Airbus inspires future engineers with its awe-inspiring ‘Bird of Prey’ concept plane
via Anna Hesser / Flickr and Todd Lappin / Flickr

The earliest known attempts by humans to fly usually involved a person donning wings, like Daedalus and Icarus in Greek mythology. Countless people died in these attempts when they jumped off cathedrals and mountain tops only to discover their wings didn't work.

This attempt soon evolved into flying machines that looked similar to birds and in 1903, the Wright brothers were the first to take to the skies in an airplane.


Now, the engineers at Airbus are taking us back to man's first attempts at flight while looking towards the future with a new concept plane that resembles a bird of prey. The company doesn't plan to build the concept but it is based on realistic aviation ideas.

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The Bird of Prey design was unveiled at the Royal International Air Tattoo event to underscore the U.K.'s aerospace industry leadership, and also highlights the 50th anniversary of Airbus as an aircraft manufacturer.

via Airbus

The goal of the concept plane was to encourage young people to enter the field.

"Our 'Bird of Prey' is designed to be an inspiration to young people and create a 'wow' factor that will help them consider an exciting career in the crucially-important aerospace sector," Martin Aston, a senior manager at Airbus, explained.

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The concept plane drives the point home with "Engineering is great," written across its side.

The plane is also an example of an eco-friendly, sustainable aircraft.

"One of the priorities for the entire industry is how to make aviation more sustainable – making flying cleaner, greener and quieter than ever before," Aston continued. "We know from our work on the A350 XWB passenger jet that through biomimicry, nature has some of the best lessons we can learn about design. Who can't help but be inspired by such a creation?"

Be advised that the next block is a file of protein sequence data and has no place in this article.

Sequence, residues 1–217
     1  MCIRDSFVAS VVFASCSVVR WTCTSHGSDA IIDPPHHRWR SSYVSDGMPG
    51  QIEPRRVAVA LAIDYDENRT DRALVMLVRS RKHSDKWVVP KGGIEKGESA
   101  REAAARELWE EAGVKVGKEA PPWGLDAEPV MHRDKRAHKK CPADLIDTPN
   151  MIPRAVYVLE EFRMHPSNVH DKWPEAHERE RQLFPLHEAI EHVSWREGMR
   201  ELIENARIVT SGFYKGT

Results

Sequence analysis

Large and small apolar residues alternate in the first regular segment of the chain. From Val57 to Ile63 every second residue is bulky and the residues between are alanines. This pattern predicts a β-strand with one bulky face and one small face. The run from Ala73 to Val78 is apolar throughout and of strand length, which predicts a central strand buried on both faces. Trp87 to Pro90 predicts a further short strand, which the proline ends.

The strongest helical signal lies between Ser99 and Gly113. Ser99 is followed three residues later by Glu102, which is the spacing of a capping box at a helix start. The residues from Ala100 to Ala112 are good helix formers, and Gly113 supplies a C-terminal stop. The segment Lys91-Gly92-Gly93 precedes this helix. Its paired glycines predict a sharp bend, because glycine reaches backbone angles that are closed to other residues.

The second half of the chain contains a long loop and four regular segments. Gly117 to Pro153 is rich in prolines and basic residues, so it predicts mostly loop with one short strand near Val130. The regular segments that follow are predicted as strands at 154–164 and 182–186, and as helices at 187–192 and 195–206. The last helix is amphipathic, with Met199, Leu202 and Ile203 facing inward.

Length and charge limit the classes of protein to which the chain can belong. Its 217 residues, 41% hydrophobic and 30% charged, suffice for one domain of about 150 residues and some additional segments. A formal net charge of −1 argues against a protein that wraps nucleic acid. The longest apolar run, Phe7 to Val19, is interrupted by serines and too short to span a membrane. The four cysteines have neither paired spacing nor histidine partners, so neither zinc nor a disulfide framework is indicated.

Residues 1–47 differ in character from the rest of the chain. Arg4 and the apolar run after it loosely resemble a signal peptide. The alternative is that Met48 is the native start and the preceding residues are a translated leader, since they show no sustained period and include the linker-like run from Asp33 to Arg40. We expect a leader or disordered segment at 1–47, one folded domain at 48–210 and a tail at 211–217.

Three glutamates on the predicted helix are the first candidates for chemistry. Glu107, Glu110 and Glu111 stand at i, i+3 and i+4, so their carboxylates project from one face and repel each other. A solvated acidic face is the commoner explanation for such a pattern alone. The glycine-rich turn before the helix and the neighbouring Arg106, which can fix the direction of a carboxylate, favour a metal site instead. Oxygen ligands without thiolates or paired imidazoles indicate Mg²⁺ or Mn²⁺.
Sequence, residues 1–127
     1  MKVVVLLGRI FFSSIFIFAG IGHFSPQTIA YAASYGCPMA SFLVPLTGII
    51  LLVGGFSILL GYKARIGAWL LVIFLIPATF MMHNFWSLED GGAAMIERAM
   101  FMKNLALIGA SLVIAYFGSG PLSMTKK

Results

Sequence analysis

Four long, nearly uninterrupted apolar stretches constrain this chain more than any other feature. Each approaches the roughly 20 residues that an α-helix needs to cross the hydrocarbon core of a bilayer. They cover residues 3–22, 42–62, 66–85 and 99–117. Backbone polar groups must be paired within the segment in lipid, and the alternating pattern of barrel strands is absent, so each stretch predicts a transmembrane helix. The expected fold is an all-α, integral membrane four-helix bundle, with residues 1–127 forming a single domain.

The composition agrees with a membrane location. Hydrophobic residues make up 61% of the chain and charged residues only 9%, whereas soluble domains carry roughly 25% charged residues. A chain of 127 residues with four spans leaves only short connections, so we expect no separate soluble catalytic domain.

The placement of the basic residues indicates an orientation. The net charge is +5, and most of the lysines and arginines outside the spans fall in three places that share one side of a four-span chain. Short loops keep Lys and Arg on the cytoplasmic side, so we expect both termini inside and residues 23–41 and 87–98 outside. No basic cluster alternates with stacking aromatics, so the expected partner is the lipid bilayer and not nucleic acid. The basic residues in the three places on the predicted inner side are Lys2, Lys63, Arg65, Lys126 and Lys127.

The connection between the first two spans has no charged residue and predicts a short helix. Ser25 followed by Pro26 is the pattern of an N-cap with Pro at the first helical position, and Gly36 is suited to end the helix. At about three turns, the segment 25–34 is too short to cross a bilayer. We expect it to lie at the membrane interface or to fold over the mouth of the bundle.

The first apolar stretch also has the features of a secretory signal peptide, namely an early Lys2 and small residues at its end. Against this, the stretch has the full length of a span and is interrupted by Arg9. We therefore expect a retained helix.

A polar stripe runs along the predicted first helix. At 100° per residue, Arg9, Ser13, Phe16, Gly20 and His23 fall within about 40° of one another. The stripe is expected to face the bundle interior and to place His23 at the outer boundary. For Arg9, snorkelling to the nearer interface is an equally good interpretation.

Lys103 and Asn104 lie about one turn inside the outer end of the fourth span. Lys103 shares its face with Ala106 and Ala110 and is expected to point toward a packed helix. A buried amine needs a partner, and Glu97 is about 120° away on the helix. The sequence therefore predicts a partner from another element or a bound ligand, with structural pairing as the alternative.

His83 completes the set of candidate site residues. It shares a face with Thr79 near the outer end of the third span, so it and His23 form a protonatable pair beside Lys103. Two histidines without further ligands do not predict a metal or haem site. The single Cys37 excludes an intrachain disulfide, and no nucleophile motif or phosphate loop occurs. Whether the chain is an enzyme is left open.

One has to wonder if they had Star Trek in mind while designing the concept plane. Captain Kirk's longtime Klingon enemies flew in spaceships inspired by birds of prey.


Photo by Tim Mossholder on Unsplash
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Photo by Tim Mossholder on Unsplash
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Alone, hungry, and scared, Glenda dialed 2-1-1 for help. The person on the other end of the line directed her to the Houston-based nonprofit Bread of Life, founded by St. John's United Methodist pastors Rudy and Juanita Rasmus.

For nearly 30 years, Bread of Life has been at the forefront of HIV/AIDS prevention, eliminating food insecurity, providing permanent housing to formerly homeless individuals and disaster relief.

Glenda sat in her car for 20 minutes outside of the building, trying to muster up the courage to get out and ask for help. She'd never been in this situation before, and she was terrified.

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